Eyeballing the fill, I’m seeing a ton of clunkers. Four of the first seven Acrosses—TILER BNEG OBIE PARLE—set the stage for the overall feel of the grid.

Four stars for the theme, two stars for the fill.

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15 Responses to Sunday, April 2, 2017

  1. leeconant says:

    the writer’s name is O. Henry not O’Henry.

    • pannonica says:

      Fixed. Thanks! I’m certain it was a lapse and not ignorance. I missed it too when reading through the write-up.

  2. Lise says:

    NYT: I mostly liked the theme: OTHERWISE KNOWN AS YES was clever. Nice to see a word like FRISSON in there, too.

    But. I must take issue, Mr. Miccolis, with your description of a WREN as “drab”. No. Not drab. Their plumage ranges from sepia to cinnamon to slightly yellow, with interesting patches of red or black, depending on the wren. Also, they’re adorable, especially the round little Carolina Wren which is outside my house right now. Perhaps not as colorful as a male cardinal, but that doesn’t make them drab.

    Whew. Sorry. Anyway. I probably liked the puzzle somewhat more than most.

  3. Boston Bob says:

    The inclusion of ACRONYM was META.

    • Christopher Smith says:

      Thanks for pointing that out. Dunno, I feel like the implementation of a lot of Sunday themers has been way more forced & tortured than this one. Also the theme itself seemed pretty original. Fill could have been better but guess I liked this more than Amy.

    • Papa John says:

      I had a hard time parsing ACRONYM (120A “Opening letters?”) even after I had it filled.

      The theme is rather clever and original. The fill seemed fairly typical for a Sunday. My experience with it was smooth and enjoyable. I’d give it much higher points than Amy did.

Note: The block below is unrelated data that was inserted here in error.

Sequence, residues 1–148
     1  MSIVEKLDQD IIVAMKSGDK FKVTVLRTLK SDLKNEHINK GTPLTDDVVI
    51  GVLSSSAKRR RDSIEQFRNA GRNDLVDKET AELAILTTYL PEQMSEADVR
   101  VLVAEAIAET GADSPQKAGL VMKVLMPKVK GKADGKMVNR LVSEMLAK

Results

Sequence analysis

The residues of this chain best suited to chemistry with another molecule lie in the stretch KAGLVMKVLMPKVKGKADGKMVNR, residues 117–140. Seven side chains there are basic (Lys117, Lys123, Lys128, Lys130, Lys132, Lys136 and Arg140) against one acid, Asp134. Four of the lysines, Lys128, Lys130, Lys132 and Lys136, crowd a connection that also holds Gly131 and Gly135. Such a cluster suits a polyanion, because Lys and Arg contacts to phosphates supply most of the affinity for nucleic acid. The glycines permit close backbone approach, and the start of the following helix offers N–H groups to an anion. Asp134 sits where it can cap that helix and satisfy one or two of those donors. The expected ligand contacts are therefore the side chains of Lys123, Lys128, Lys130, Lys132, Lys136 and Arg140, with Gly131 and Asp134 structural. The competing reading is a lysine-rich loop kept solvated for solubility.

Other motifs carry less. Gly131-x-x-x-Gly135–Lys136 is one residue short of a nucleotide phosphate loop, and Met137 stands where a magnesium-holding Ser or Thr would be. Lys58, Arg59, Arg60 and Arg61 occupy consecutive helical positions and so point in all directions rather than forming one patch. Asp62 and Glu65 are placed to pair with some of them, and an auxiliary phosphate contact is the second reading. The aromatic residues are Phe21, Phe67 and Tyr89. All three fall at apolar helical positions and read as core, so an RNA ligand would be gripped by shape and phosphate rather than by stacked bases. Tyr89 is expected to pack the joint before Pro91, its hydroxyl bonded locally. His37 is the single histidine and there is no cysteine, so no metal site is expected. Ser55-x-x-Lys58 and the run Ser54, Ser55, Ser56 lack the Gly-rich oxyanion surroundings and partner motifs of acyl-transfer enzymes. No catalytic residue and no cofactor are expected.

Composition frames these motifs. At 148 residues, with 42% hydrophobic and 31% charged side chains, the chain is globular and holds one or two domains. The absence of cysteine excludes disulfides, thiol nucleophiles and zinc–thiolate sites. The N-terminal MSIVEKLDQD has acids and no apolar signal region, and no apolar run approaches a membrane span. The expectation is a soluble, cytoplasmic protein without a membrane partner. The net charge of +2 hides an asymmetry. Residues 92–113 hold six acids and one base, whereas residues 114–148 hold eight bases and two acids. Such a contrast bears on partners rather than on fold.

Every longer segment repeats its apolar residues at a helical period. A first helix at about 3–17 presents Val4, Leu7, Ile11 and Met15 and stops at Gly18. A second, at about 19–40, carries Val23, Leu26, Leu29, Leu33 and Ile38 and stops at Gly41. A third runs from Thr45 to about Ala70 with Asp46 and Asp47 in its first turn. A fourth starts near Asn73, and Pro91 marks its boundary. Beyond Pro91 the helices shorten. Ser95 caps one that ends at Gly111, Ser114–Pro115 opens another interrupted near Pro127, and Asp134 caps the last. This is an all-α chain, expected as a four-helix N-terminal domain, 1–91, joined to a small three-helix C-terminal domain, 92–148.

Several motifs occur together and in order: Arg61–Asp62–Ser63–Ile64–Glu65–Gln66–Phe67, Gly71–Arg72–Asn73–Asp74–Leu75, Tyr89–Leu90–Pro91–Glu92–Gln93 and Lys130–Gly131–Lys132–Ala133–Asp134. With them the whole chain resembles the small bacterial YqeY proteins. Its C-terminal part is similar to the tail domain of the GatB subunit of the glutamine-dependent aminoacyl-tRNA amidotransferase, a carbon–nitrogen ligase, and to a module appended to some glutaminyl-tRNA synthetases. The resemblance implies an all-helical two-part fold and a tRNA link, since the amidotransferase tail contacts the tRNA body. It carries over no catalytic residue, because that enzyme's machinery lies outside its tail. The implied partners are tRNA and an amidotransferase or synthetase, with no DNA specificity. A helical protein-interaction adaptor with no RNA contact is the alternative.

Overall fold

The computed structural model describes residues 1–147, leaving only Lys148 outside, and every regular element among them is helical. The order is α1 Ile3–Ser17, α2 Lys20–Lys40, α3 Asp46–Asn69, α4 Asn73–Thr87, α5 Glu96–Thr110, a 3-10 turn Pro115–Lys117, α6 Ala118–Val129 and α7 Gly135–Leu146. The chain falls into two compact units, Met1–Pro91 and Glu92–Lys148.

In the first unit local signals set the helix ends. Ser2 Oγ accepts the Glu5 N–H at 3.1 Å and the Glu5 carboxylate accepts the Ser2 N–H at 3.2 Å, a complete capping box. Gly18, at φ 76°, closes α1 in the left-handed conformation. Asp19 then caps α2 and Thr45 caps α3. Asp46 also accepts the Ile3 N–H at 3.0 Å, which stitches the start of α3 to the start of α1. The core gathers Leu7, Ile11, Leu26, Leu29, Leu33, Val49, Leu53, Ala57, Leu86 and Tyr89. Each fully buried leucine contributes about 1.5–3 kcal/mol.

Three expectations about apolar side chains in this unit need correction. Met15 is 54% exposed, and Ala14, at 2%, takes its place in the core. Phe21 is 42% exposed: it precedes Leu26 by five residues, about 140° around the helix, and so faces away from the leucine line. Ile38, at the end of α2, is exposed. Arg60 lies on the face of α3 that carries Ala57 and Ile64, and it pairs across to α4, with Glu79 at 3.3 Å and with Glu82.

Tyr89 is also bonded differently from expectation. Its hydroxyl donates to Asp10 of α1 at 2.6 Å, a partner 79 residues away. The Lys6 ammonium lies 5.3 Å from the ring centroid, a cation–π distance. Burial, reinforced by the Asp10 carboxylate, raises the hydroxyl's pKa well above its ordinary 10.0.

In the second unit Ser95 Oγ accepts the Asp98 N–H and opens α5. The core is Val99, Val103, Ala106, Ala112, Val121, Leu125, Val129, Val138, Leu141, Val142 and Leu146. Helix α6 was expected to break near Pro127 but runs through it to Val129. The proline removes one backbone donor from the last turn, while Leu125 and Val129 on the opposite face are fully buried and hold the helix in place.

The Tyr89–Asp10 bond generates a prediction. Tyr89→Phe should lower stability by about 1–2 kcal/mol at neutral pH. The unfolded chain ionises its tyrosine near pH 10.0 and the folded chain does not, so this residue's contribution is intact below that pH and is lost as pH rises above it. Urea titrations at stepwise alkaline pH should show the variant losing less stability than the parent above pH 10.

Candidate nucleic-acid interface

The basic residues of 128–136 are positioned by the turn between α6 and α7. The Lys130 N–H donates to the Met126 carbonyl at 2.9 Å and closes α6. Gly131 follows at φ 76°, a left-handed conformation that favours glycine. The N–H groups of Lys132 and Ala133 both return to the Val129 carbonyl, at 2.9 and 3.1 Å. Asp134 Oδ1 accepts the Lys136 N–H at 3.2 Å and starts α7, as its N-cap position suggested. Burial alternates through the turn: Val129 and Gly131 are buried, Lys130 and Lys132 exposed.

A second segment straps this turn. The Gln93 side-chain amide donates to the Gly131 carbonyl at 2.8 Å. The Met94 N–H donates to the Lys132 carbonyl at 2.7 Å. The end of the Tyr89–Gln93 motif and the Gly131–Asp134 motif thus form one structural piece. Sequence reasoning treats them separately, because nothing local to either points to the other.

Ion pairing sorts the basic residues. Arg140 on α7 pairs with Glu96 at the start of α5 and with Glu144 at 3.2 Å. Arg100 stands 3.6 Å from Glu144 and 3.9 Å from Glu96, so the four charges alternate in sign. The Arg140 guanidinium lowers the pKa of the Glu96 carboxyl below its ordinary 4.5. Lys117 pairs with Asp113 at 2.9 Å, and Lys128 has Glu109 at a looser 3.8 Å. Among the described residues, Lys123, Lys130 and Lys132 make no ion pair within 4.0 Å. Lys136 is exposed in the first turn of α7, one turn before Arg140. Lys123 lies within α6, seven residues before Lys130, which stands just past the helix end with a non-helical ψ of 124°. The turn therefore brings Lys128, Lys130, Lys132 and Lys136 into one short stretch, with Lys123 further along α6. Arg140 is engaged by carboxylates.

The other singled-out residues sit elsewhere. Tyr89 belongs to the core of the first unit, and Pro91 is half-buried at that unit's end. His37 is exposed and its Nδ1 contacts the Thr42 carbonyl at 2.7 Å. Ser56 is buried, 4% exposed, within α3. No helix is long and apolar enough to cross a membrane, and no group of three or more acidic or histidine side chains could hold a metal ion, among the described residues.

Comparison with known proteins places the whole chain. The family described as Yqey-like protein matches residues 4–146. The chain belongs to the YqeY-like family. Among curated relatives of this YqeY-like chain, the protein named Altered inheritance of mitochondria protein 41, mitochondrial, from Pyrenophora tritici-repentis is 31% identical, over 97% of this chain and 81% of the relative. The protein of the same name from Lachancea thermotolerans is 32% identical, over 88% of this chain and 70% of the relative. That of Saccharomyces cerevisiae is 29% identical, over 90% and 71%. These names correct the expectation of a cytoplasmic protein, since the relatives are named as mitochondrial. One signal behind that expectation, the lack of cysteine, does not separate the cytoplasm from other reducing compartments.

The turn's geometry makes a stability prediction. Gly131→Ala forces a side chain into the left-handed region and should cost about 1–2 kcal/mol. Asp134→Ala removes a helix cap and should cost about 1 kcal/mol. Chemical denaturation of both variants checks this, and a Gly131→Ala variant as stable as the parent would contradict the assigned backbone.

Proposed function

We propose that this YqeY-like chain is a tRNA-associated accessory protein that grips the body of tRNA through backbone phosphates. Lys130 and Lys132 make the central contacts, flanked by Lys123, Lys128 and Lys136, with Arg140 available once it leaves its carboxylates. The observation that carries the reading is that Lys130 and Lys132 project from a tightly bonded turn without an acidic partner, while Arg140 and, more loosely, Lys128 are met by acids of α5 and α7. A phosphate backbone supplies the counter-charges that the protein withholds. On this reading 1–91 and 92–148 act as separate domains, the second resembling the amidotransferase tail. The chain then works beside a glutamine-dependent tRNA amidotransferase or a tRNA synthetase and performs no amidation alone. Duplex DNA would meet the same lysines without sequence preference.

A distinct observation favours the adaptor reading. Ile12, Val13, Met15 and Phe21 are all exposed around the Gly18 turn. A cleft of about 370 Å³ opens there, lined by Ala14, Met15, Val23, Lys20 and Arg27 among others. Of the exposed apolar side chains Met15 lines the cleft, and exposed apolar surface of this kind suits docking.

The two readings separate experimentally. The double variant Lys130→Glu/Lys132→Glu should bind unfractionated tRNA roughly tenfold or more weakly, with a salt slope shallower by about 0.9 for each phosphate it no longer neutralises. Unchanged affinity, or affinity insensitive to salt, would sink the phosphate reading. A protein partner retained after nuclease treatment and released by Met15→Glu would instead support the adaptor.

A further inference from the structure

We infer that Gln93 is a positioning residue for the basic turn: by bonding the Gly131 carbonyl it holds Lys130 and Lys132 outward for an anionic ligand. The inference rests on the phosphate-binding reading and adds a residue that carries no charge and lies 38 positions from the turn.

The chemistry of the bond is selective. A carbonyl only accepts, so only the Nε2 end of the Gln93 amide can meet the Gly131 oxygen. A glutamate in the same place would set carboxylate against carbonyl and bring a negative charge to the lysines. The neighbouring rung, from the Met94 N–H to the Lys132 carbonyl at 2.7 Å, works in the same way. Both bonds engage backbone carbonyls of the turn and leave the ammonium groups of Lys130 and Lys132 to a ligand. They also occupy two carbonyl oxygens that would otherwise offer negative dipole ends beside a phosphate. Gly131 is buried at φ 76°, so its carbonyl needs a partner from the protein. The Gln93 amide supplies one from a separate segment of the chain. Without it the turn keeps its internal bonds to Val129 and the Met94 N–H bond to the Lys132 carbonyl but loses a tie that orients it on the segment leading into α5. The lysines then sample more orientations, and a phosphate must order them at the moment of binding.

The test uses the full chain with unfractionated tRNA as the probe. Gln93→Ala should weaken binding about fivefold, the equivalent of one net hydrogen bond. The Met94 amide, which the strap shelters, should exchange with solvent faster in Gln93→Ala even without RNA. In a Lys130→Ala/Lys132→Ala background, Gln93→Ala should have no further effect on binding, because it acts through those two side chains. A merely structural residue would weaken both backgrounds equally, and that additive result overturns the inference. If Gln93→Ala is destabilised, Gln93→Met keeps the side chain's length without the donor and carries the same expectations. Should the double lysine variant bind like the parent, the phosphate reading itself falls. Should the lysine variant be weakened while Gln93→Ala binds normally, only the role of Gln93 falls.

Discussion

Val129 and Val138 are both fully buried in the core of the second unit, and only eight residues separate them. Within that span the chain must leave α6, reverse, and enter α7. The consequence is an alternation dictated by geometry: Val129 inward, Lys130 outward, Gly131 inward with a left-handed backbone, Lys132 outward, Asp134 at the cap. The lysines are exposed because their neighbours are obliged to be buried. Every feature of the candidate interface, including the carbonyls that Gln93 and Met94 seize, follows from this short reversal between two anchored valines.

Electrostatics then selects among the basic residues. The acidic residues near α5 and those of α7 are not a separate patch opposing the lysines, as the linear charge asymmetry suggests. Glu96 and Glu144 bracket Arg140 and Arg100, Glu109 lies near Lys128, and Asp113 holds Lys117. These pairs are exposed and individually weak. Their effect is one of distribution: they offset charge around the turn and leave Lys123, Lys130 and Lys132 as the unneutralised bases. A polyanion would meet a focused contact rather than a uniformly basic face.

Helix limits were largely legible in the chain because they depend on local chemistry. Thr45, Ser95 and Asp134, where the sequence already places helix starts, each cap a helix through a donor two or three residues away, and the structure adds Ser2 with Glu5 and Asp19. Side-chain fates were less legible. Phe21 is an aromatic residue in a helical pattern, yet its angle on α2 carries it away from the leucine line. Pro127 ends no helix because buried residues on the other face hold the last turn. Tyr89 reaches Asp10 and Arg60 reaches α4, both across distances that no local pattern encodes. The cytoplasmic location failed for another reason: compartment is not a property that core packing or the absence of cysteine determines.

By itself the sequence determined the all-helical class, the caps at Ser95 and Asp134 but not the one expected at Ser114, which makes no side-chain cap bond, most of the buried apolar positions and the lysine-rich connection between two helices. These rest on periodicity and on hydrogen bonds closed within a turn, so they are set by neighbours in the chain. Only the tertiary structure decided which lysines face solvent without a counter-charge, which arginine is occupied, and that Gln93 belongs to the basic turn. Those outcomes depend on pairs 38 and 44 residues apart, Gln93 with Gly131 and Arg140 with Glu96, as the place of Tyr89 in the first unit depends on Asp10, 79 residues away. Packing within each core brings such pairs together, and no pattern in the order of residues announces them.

Compared to the many flashy, colorful patterns in other birds, wrens do come off as being a bit drab, but I do understand Lise’s complaint. The nuance of shades and subtle tints in many “drab” birds often go unnoticed.

  4. Paul Coulter says:

    Evan’s “Character Traits” was a cool puzzle, beautifully crafted to produce the letters spelling CHARACTER, but I agree with Erin that STOLESECOND was an outlier. The T could have been produced in an 11 from OPENTERRAIN or BROUGHTBACK, say.

    By the way, several folks from ACPT have emailed me asking for the answer to “The Usual Gang of Idiots” that I put out. The clue to STANDOUT read, “Top-notch, like Al Jaffee of 22 fame (or another descriptor of him that will do this in the circles if you crease from arrow A to arrow B.” You need to fold from the beginning of the arrows that appear above the first row’s circled A to its circled B so that only the first two and last two columns appear. Then you get MAD’S MAINSTAY FOOL remaining from the circled theme material. In retrospect, I should have drawn the arrows so that their pointy ends landed above the A and B. Sorry about that to anyone this may have frustrated.

  5. rock says:

    Evan’s puzzle, I don’t “get” A = heavy heart and T = stole second.

    congrats! to all the puzzlers at the ACPT, but I do have one question, was Bob K. there? If so,
    how is he? ( ok, 2 questions)

  6. Steve Price says:

    re: “Once In Love With Amy,” Ray Bolger (the Tin Man in “The Wizard Of Oz”) performed the song in the Broadway show “Where’s Charley?”

  7. Joan Macon says:

    So Amy, where’s the LAT? I really need help on this one! I am waiting to find out “feature of Charlie Brown’s head”!

    • Martin says:

      It’s CIRCULAR PROFILE. “Circular file” is slang for the wastepaper basket, where you “file” things that were more important to the sender than to you.

  8. Joan Macon says:

    Thanks, Amy! You’re the best!

Comments are closed.